Achilleas Kostoulas

Applied Linguistics & Language Teacher Education

“What is easy and what is hard to acquire in a second language?”

What is easy and what is hard to learn in a foreign language? I just read a chapter in an edited volume on this very question, and this post aims to provide both a synopsis of the chapter and a critical reaction to it.

To answer the question, Slabakova (2013) draws on Universal Grammar theory (UG), to develop what she calls the Bottleneck Hypothesis. In brief, UG postulates that, of all the features that make up a language (e.g. word order, semantic relations, verb inflections etc.), some are hard-wired to the brain, and therefore shared across all human languages (i.e., they are linguistic universals), whereas others differ from language to language (or, to be technical, they are subject to parametric variation). In her chapter, Slabakova presents readers with a robust set of empirical data, drawn from several experimental studies, and makes a compelling argument that what challenges learners most is functional morphology (roughly speaking, functional morphology refers to these parts of words which denote tense, person, aspect etc.). She argues that once functional morphology is mastered, it is easy to acquire other aspects of language, such as syntactic structures or semantic notions. Hence, functional morphology constitutes a ‘bottleneck’ of sorts in the process of second language acquisition.

Although UG is primarily concerned with understanding the cognitive processes of language acquisition rather than prescribing pedagogical practice, the chapter includes a discussion of implications for teaching (pp. 24-25). On the basis of her impressive empirical data, Slabakova argues that the communicative approach to language learning does not constitute an optimally effective way to learn a second language. She suggests that it is pedagogically beneficial to engage students in activities that highlight the hard-to-acquire morphological forms, and to provide ample opportunities for practice. In her words:

In a sense, drilling of the functional morphology is inevitable if the form has to […] get sufficiently automatic for easy lexical access. […] Thus, the bottom line of the chapter is: Practice your functional morphology! In ample, clear unambiguous context! As in learning other lexical items, it may be painful, but – no pain, no gain! (p. 25)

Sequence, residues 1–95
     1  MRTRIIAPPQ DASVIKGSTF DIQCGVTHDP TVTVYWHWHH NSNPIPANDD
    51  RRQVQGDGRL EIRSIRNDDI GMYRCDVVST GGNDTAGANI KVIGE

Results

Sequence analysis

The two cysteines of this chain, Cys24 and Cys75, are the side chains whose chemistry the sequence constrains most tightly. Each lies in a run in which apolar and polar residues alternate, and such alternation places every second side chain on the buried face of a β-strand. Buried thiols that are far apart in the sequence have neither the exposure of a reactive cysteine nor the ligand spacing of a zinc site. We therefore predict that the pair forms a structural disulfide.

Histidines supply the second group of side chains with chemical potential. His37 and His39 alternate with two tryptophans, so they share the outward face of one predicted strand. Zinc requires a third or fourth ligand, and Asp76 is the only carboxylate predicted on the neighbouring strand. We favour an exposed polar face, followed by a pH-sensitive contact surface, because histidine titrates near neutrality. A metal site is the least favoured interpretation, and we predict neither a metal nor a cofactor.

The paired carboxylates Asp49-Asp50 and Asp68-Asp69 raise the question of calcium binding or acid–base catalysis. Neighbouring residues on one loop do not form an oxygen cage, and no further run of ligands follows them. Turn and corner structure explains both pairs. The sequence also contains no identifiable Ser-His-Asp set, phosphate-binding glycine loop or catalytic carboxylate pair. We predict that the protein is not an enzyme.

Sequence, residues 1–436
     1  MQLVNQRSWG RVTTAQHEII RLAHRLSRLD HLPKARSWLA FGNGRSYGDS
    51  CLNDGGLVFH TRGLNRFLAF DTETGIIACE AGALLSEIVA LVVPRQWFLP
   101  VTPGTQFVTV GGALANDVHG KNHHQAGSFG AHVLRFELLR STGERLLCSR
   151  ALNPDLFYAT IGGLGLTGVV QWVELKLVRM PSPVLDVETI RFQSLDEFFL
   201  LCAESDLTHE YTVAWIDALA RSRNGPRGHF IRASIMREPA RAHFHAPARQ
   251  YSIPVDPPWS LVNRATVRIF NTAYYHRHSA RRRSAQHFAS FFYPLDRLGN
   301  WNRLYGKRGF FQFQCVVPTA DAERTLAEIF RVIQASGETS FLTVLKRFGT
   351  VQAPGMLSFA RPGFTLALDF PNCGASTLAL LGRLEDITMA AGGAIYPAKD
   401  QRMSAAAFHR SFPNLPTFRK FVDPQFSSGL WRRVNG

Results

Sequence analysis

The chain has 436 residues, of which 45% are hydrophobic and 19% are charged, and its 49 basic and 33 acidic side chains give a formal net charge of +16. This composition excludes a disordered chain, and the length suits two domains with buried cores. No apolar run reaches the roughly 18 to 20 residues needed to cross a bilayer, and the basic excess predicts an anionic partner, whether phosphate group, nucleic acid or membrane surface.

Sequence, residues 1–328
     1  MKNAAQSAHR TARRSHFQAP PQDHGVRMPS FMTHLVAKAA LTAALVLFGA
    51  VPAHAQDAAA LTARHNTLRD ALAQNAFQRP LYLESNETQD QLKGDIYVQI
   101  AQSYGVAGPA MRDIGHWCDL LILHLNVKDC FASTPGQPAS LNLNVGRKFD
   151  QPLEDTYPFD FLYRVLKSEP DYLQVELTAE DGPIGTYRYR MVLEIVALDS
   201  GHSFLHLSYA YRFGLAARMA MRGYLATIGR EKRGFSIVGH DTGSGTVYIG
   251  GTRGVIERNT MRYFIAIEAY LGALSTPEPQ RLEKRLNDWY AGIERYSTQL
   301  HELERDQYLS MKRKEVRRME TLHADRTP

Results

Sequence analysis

It is my view that Slabakova is only partly correct in making this suggestion. Much of her criticism seems to focus on the earliest or ‘strong’ formulations of the communicative approach, which tended to completely exclude the study of formal features of language (Canale & Swain 1980 and Savignon 1983 are explicitly mentioned) In pointing the deficiencies of these approaches, Slabakova makes a valid point, but it is a point that has already been addressed in language education: more recent pedagogical approaches (e.g. Willis and Willis 2007) provide for raising awareness of formal features, and do so in ways that are more compatible with current pedagogical thought than the repetitive drilling activities that Slabakova seems to suggest.

More importantly, I think Slabakova’s criticism of communicative theory brings to the forefront the question of ‘what features of language are to be learnt?” If the goal of second language pedagogy is to help learners to perfectly reproduce linguistic structures in the target language, then it is hard to argue against the kind of approach that Slabakova suggests. Communicative language teaching, however, is not just about learning the rules through which sounds and words come together to produce meaning. Rather, it is about learning to use language (1) in context, (2) in order to do things: it aims, for instance, to help learners understand that “Could you pass me the salt, please?” is not really a question, and that “It’s stuffy in here” might be functionally equivalent to “Open the window!”  Deciding what language is appropriate to different contexts is highly culture-specific, and does not seem to flow easily from the mastery of morphological from. It is therefore hard to see how a pedagogy which is based primarily on mastering morphological variation might be helpful in developing skills necessary to use language effectively.

Coming back to the original question, the point I am trying to make is that Slabakova may well be right in identifying functional morphology as the bottleneck of second language acquisition. However, the cognitive challenges associated with mastering functional morphology do not necessarily promote it to the status of a learning priority. Learning priorities can only be determined on the basis of the learners’ specific needs, and this is a domain which UG is decidedly unsuited to inform.